I won’t lie to you. The past several months have been tough.
It’s been a combination of things. Heavy workload, heavy issues to deal with, some troubling uncertainty around different aspects of the in-house NGO world that I inhabit. I’ve been working through a number of things personally, none really negative, but requiring effort and focus and introspection.
Although it seems somewhere between self-centered and immoral to complain about it, Haiti took it’s own kind of toll as well on myself and my friends involved in the early weeks of that response. On top of that, my travel schedule has been quite heavy the past several weeks, and as fun and exciting as that life sounds to some and sometimes even is in fact, it can also be very draining.
All to say that I arrived a couple of days ago for a short week of life-saving meetings in – get this – Phuket, Thailand, feeling basically worn out and grumpy. I was not exactly thrilled to be getting on an airplane again so quickly, nor was I particularly thrilled to be headed to Phuket. For as much time as I’ve spent in Southeast Asia, I have thus far managed to steer clear of Phuket. Until now. And FYI, it’s “pooo-KET.”
For as basically optimistic as this work requires us to be, there are moments when it can incredibly difficult to lift one’s gaze beyond the tyranny of the immediately urgent and imminent, and to get bogged down in all that’s going wrong at the moment, whether in our personal lives, in a country that we support, or with our finance department.
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My first evening here, deep in the throes of jet-lag (I’ve been in jet-lag solid for the past four weeks) I had dinner with a close aid-worker friend. He was as tired and cranky as I. Our conversation: reflecting on the fact that none of the older (than us) aid workers we know have actually retired and gone on to a “normal” life. They all a) died young; b) went crazy or are very clearly headed in that direction; c) are about to die of old age, but still trying to pull off hardship post deployments; or d) b + c.
We moved on from there to something we’d both read about the leading causes of death among aid workers. Nope, it’s not getting shot by militants or inadvertently stepping on landmines. It’s not encephalic malaria or meningitis or hepatitis C. The top two leading causes of death among aid workers, in order, are motor vehicle accidents and drowning. And according to the study, drowning in particular happens in the context of aid workers getting drunk and then falling into the pool or ocean. If I can ever find the article online I’ll link it.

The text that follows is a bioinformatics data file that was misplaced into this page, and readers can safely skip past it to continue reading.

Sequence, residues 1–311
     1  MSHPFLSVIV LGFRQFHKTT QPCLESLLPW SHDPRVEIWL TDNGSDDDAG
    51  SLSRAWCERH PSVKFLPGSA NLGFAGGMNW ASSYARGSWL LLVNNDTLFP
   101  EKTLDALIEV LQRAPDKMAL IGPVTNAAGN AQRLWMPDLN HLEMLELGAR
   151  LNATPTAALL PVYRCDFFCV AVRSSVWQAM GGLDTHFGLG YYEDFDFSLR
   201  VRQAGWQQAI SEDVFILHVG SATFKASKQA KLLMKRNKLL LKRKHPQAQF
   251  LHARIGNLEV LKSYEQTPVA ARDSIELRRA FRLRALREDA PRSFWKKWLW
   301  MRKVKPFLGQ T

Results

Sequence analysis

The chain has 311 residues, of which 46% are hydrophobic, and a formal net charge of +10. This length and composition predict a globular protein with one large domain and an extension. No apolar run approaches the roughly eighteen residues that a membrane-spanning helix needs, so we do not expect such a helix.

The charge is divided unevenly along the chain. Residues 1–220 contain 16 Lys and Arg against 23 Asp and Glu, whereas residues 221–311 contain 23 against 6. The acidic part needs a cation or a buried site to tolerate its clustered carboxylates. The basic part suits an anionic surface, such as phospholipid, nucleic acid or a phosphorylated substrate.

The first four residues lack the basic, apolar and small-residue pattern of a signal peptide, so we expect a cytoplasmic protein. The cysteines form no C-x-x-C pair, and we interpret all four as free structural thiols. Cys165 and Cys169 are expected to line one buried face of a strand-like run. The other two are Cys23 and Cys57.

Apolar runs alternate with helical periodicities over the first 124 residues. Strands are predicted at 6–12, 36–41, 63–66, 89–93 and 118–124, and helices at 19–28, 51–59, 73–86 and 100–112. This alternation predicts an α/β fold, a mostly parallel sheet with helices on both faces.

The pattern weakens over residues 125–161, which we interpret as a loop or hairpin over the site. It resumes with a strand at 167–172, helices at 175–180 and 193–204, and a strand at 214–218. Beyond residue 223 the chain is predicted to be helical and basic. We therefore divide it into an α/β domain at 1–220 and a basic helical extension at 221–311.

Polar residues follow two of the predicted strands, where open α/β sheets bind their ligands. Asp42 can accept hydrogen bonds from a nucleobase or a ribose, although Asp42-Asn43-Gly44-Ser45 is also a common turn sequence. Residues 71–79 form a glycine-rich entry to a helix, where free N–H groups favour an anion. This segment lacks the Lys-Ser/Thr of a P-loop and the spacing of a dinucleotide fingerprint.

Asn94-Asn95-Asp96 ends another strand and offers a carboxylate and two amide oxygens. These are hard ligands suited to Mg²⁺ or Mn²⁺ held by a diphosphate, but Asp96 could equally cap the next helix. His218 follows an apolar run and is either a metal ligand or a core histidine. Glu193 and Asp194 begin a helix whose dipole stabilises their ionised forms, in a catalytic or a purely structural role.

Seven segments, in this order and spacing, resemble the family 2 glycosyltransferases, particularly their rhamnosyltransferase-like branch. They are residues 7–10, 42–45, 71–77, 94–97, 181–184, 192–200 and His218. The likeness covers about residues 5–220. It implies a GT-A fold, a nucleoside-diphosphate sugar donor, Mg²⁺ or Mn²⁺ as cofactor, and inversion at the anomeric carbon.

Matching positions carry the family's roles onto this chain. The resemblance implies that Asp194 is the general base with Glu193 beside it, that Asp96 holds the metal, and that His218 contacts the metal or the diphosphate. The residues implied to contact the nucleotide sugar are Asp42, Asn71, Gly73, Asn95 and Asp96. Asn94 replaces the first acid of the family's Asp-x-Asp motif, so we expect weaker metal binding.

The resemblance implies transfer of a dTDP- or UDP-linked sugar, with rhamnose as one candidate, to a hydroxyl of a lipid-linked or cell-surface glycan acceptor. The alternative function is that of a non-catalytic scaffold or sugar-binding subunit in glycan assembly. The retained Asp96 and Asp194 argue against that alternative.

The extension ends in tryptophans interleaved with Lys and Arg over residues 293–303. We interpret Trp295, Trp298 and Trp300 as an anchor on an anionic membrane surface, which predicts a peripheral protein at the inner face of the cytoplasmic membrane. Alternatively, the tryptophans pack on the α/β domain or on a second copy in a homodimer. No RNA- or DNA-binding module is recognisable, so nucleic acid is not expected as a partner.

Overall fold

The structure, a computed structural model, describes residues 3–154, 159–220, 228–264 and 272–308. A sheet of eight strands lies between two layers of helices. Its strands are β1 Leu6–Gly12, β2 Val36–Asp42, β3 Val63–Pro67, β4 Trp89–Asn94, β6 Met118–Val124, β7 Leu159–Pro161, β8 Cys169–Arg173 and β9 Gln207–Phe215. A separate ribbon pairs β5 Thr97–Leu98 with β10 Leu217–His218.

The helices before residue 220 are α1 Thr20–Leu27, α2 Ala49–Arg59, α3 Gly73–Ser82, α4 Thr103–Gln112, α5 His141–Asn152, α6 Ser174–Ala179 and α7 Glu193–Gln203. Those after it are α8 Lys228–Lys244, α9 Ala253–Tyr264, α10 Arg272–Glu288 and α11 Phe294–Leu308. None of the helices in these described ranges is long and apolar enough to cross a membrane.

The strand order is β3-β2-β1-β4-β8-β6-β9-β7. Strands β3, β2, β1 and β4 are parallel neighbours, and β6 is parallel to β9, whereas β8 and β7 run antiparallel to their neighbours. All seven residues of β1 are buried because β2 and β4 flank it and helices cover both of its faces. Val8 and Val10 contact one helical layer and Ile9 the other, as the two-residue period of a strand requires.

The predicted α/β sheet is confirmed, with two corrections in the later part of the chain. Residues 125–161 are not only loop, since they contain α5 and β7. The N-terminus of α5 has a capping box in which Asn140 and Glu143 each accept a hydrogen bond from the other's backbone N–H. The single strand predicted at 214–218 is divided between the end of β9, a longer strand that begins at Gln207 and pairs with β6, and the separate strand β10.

That’s certainly one way to put an early damper on after-workshop evenings at Thai beach bars.
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But then last night, after the first day of the life-saving meetings, the same guy, plus one more old friend aid-worker and I threw caution to the wind. We walked a few blocks down the motor-vehicle infested street for dinner and a few Singhas at a little bamboo bar within sight of the ocean (they didn’t have Beer Lao – I asked…).
After eating we tried another bamboo bar or two, and then eventually ended up in the lobby of the hotel where we were staying. The lobby band – for that evening only, a lone young woman, a microphone and a computer (it was the guitarist’s night off) – was just getting going.
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The lobby singer – her name turned out to be “Geng” – sang an awesome set of classic rock just for the three of us that evening. (And when I say “awesome”, I mean we had a great time, not that she ever sounded anything like the originals.) But the real highlight was a cover of the best band to ever record on vinyl, her rendition of the consummate aid worker anthem.
It was so fabulous I had to put it on YouTube: Check it out (you can even hear a few aid workers, a bit off-key, singing along on the chorus).
I’ve said and written many times that AC/DC’s “Highway to Hell” is the consummate aid work anthem. And it totally is. But I have to say that Geng’s cute-dimple ponytail-swinging uber-cheerful rendition is the best, and as I think about it, the most apt for aid work, that I’ve ever seen.
As she air-guitared her way through the bridge I began to feel… better. The angst of recent weeks and months began to wane. Aid work, at least for me, is a one-way ride. And that is definitely something to be cheerful about.
Sure, times might be tough. Certain aspects of the future may be hard to see. I feel worn down. Maybe my friends and I will end up like our older(er) friends – crazy or dead. Maybe we’ll end up in some kind of hell. Maybe that hell will be a life of cubicles or a really socially toxic team house. Maybe it will be some kind of metaphysical retribution for bad past bad choices, promises made but not kept, decisions made the wrong ways and realized too late.
Whatever. So long as there’s beer, we’re near water… and Geng is in the house band.